Many dogs are the curious sort. If they see something moving, they head over to investigate. Unfortunately, sometimes the moving thing they go over to look at is a bee — and sometimes that bee stings them. Many dogs will get stung at some point in their life, so it's important to know how to take care of a dog who has been stung and when you should call a veterinarian about a sting.
What to Do After a Sting
The first thing you should do after your dog is stung is looked for a stinger. It is often left behind when a bee stings, and since the venom sack remains attached to it, the stinger can continue releasing venom into the dog's skin and cause ongoing irritation for days. If you do locate the stinger, pull it out with tweezers.
Next, give your dog a dose of Benadryl, or diphenhydramine. This over-the-counter medication is quite safe for dogs. The dose is one 25-mg pill per 25 pounds of weight. The Benadryl will help minimize the swelling and itching your dog experiences after the sting.
Once your dog has eaten the Benadryl, start holding an ice pack on the sting. You can use a bag of frozen peas if that's easier. In most cases, the swelling should dissipate within a few hours after the treatment with ice and Benadryl, and your dog will be feeling like themselves again by the next day.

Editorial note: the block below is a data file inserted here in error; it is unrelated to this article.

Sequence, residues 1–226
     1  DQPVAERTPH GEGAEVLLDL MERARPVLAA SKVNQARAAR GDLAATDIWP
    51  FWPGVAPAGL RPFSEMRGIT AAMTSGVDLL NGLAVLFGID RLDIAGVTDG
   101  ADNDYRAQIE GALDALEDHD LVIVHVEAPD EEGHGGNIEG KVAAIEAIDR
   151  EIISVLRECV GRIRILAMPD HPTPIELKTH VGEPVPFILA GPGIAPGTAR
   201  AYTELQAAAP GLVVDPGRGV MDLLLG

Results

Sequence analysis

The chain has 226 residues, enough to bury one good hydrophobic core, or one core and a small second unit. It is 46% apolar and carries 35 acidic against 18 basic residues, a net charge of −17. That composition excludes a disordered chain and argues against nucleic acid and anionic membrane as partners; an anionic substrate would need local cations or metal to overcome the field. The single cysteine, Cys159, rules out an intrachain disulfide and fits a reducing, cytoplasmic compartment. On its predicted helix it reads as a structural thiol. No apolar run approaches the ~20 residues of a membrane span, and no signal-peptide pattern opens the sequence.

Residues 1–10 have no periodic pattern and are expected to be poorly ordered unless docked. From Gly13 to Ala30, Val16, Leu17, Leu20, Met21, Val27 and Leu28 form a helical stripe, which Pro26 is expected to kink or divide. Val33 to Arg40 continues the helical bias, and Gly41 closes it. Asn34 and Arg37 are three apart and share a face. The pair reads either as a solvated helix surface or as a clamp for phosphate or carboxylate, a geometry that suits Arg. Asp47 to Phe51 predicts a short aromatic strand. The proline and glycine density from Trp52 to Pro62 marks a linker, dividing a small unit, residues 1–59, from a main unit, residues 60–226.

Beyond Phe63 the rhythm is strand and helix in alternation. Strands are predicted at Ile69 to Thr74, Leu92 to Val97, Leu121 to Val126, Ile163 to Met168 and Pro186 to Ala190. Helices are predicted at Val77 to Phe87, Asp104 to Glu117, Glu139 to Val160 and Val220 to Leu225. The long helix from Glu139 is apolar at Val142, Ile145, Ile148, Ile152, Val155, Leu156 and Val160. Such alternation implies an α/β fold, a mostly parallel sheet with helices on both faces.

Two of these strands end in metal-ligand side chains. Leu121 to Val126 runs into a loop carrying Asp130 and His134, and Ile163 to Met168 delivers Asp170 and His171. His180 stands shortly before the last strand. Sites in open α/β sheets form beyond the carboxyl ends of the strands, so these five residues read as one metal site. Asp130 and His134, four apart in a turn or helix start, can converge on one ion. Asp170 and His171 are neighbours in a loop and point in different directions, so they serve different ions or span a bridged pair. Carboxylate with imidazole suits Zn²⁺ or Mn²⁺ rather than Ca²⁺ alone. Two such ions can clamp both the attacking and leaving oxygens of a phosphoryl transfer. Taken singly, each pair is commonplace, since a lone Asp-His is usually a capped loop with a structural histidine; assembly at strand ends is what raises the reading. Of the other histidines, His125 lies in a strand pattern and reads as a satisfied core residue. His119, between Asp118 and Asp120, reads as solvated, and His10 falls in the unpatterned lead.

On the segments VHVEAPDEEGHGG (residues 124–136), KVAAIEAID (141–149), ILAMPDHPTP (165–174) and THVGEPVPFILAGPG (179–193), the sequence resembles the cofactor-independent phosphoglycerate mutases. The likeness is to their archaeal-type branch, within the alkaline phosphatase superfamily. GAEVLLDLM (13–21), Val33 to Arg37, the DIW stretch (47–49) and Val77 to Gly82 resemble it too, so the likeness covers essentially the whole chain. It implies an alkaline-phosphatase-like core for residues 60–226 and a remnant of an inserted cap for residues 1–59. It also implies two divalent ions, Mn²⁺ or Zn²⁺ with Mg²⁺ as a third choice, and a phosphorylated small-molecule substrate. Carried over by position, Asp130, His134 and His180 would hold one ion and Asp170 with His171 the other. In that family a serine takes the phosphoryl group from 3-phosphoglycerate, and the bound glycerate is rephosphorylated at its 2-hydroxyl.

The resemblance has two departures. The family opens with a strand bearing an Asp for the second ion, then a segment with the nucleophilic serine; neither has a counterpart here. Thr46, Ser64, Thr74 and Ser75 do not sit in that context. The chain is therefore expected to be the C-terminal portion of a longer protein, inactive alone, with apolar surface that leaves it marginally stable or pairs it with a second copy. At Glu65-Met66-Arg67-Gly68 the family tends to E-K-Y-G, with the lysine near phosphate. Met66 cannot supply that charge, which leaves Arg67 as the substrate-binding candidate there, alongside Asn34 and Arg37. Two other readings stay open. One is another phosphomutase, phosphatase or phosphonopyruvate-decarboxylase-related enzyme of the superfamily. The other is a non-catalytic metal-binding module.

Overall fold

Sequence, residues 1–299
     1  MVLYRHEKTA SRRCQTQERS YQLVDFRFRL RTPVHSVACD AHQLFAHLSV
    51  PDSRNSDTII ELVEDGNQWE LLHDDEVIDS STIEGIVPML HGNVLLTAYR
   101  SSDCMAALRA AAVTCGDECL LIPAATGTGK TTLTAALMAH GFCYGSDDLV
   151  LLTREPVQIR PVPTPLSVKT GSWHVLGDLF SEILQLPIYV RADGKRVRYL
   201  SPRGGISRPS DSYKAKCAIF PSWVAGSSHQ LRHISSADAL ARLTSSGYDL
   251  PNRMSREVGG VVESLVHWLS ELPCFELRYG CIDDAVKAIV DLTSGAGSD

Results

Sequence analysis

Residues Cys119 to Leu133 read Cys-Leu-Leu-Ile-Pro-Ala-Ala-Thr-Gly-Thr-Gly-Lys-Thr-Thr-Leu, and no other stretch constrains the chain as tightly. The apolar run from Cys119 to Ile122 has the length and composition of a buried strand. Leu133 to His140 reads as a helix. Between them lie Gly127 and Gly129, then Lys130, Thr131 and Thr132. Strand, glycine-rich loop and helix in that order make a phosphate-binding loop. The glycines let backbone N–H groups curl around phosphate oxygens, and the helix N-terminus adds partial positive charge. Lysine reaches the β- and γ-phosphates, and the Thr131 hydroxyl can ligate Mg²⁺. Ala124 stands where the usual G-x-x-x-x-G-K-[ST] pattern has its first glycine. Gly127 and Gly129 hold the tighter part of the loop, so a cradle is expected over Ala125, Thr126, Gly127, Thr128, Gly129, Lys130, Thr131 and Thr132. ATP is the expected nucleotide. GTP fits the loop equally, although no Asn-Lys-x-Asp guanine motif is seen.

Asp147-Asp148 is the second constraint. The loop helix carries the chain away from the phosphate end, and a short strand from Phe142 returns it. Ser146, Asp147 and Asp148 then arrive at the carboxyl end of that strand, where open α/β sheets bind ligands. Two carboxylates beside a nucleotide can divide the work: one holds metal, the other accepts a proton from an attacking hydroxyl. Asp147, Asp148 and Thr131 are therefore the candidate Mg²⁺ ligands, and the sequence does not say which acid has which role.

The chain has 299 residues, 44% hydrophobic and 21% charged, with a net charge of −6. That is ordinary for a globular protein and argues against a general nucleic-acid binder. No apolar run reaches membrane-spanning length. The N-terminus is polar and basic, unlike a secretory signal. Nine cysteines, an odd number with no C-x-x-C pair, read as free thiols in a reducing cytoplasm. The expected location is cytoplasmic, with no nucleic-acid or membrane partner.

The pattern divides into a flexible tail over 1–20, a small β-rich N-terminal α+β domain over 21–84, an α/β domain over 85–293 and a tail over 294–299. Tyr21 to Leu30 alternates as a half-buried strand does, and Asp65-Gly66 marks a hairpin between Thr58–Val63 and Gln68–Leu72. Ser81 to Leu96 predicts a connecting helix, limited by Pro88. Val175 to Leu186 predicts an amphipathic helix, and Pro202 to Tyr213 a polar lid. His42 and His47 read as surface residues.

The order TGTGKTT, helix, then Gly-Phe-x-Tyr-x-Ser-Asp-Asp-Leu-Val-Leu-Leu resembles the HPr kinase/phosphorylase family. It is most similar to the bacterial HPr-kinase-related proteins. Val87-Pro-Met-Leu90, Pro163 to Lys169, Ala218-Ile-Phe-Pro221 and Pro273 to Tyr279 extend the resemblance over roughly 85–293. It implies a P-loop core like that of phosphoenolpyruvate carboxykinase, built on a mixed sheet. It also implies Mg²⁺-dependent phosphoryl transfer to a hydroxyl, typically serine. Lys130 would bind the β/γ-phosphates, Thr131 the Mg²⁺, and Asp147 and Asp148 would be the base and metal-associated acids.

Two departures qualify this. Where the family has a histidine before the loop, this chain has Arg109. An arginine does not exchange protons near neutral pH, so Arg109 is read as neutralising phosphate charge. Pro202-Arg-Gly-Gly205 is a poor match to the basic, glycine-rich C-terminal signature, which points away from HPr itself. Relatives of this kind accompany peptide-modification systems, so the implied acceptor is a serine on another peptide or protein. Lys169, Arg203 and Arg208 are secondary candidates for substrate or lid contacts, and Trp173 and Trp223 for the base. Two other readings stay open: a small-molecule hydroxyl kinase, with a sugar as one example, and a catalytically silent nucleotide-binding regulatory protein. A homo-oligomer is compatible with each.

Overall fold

Signs Your Dog Should See a Vet
Most bee stings do not require vet care, but there are a few situations in which your dog should see the vet for a bee sting. If your dog begins sneezing, wheezing, or struggling to breathe after the sting, this indicates they may be having an anaphylactic reaction. Take them to the vet immediately; head to the emergency vet if your regular vet's office is closed.
You should also take your dog to the vet if they start drooling, vomiting, or becoming really agitated after the bee sting, as these can be other signs of an allergic reaction.
If your dog's swelling and itching do not clear up within 24 hours of the sting, that is another reason to call the vet. The bee's stinger may still be lodged in your dog's skin, leading to this ongoing swelling, and a vet can find and remove it.
Bee stings are unfortunately common in dogs, but thankfully, they usually resolve well. Now you know what to do if your canine companion decides to mess with a buzzing bee.